Ring’s capacity for compromise helped him greatly when, in 1970, Holton appointed Ring as commissioner on uniform state laws. Ring served in that capacity for more than 40 years, with a focus on information technology.
During his time in the role, Ring helped shepherd many laws into existence, including the Uniform Computer Information Transactions Act in 2000. The law, which was passed in Maryland and Virginia, aims to address the issue of uniform, valid online contracts.
“The art of politics is compromise,” Ring said when he was inducted into Living Legends of Alexandria in 2011. “If there is any secret to my success with uniform state laws it is my ability to bring people together and develop consensus. Always we must find common ground.”
Locally, Ring worked as chair of the ARCC to revamp and expand the local GOP’s recruiting and precinct operations. His efforts helped find and recruit Republicans in every precinct, even at times when party membership was stagnant.
“Connie was sort of the glue that held the party together through some rough years,” Benavage, who Ring helped recruit, said.
“He was very influential. … There were very few Republican events that Connie did not support monetarily as well as with his sharp mind,” Mike Holm, a lawyer and former Republican candidate for City Council, said. “He’s someone that you’d go to in confidence. He was held in very high esteem.”
Frank Fannon, the most recent Republican to serve on City Council in Alexandria, agreed.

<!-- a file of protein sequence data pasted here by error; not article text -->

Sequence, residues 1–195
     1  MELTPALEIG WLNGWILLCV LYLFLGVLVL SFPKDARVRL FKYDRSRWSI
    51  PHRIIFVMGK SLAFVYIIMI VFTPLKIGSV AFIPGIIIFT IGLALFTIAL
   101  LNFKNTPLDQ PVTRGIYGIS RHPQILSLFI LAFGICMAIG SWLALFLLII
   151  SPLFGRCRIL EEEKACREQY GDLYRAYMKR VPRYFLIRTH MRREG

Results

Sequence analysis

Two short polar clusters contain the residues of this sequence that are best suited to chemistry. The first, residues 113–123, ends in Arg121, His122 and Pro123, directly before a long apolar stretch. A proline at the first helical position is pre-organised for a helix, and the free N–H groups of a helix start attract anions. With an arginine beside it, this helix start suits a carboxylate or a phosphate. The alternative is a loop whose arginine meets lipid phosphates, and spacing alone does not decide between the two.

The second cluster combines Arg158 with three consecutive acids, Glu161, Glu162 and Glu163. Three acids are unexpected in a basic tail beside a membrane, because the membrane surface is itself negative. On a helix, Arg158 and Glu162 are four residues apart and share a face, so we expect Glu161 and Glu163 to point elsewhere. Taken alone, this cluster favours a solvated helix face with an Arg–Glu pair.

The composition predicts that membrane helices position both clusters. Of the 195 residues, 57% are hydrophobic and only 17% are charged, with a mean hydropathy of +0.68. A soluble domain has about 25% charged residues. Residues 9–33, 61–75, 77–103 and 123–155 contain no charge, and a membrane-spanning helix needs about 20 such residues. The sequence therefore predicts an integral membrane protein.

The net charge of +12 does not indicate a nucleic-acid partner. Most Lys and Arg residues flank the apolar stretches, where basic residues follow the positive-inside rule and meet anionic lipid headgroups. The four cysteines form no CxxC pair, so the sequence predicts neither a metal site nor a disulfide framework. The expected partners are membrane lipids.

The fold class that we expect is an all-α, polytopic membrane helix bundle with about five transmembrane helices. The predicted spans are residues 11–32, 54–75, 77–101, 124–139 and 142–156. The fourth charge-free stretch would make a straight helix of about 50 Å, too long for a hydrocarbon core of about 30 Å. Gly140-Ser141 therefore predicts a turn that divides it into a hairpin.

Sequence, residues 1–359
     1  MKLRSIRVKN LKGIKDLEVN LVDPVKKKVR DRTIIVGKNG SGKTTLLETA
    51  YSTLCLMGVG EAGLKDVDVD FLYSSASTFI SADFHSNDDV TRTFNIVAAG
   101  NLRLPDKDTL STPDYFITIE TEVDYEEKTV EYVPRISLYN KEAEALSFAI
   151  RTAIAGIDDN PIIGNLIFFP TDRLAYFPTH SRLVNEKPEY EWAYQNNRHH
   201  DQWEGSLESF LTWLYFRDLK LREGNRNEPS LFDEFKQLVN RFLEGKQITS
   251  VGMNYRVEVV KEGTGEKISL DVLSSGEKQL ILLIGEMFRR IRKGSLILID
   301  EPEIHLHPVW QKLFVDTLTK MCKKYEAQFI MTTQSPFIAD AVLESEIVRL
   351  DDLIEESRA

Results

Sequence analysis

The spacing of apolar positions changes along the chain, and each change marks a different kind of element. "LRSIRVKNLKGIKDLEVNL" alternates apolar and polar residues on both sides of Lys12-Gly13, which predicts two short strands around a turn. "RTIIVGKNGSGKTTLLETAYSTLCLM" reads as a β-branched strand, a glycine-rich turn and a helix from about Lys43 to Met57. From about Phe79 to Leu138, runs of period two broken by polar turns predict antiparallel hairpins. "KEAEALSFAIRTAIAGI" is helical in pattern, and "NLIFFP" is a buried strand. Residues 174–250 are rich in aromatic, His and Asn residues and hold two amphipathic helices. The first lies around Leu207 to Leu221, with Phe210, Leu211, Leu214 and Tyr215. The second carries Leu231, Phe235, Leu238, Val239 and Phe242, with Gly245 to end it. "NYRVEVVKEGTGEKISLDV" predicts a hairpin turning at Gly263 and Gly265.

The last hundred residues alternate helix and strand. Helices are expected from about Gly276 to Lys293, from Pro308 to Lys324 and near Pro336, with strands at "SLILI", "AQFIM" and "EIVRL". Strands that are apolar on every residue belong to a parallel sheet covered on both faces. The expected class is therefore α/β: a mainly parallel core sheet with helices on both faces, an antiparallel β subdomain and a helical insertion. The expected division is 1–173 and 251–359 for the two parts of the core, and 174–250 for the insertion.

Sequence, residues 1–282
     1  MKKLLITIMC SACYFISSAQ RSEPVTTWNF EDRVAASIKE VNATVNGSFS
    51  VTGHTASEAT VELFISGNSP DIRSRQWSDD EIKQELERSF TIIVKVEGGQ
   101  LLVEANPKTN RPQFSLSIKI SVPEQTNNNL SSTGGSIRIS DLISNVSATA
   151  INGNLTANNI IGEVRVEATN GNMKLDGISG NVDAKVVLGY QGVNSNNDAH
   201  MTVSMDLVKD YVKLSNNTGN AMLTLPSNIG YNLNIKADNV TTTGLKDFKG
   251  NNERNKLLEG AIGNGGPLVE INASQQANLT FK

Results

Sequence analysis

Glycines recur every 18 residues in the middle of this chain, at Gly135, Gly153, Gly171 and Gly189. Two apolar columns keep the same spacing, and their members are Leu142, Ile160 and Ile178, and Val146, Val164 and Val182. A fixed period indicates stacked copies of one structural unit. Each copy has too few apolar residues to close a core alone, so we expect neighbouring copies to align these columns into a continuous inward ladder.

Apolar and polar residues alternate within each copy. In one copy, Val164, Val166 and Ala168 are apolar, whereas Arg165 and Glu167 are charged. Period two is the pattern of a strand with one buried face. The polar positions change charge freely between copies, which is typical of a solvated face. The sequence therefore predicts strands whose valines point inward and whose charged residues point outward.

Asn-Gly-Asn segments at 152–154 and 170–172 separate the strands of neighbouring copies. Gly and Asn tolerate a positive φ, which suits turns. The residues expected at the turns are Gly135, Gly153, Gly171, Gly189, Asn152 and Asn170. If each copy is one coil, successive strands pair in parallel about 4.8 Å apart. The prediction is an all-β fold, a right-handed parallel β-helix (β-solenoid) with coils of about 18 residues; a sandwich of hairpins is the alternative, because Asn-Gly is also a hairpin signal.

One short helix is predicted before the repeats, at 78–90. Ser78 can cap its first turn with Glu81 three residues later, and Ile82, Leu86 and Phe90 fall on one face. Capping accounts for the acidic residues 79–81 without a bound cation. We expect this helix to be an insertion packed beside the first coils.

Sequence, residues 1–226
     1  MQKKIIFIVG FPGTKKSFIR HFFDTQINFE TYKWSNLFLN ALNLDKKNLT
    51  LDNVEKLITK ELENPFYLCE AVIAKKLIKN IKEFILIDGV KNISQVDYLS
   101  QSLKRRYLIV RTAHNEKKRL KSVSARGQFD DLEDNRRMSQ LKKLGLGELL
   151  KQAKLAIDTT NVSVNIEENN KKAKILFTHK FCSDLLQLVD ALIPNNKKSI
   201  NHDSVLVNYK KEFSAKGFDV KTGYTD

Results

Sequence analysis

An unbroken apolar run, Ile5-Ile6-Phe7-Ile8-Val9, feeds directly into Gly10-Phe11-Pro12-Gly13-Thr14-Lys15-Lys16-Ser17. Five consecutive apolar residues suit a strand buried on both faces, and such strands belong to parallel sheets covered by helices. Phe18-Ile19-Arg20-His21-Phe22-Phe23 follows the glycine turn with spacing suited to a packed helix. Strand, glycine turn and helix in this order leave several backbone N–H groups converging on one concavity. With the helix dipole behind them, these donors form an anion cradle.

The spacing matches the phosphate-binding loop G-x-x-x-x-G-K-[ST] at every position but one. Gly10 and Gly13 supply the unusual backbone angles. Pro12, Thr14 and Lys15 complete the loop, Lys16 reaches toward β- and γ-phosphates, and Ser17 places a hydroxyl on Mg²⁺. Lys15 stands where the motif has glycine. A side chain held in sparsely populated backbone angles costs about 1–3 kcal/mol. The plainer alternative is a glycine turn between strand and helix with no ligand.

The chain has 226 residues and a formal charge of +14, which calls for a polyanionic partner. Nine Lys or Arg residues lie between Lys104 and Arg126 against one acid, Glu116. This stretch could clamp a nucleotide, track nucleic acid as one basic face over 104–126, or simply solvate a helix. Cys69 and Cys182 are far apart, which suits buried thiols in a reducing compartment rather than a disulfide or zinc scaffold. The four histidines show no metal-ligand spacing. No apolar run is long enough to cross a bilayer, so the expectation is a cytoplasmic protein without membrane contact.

“Connie was a true leader in Alexandria through his years of service to our community. He was always available to share [his] thoughts and advice when needed,” Fannon said. “He had incredible institutional knowledge and was always a great resource to consult with on controversial issues.”
Ring was also known for the welcoming attitude that he and his wife Jane, who is also a Living Legends of Alexandria honoree, brought to politics and his work in the community.
“He always had a smile on his face, and it didn’t matter if you were the lowliest captain of a precinct or recruit in the Republican party: He and Jane would always invite everyone to their home and make you just feel absolutely like part of the family,” Benavage said.
Active in local politics even while he lived in Goodwin House, a life plan community for older adults, Ring was involved and voiced his concerns during the 2018 special use permit process for an affordable housing project at the former site of the Church of the Resurrection, which neighbors Goodwin House. Benavage recalled walking around the development site of the St. James Plaza apartment complex with Ring in order to better understand the project firsthand.
For Ring, community service was a lifelong commitment not based on grabbing headlines but on finding ways to improve one’s community.
“Happiness really comes from being of service to the community,” Ring told Living Legends of Alexandria. “A lot can be accomplished by being in the background and sharing the limelight with others. Grab the limelight too soon and you can stumble.”
Ring is survived by his wife, Jane, and children, Rusty, Roddy, Donna and Libby. The memorial service is set for 11 a.m. on Friday at Westminster Presbyterian Church. Masks are required for the in-person service, and Westminster is also providing a virtual service on its website: https://wpc-alex.org/connie-ring-memorial-service.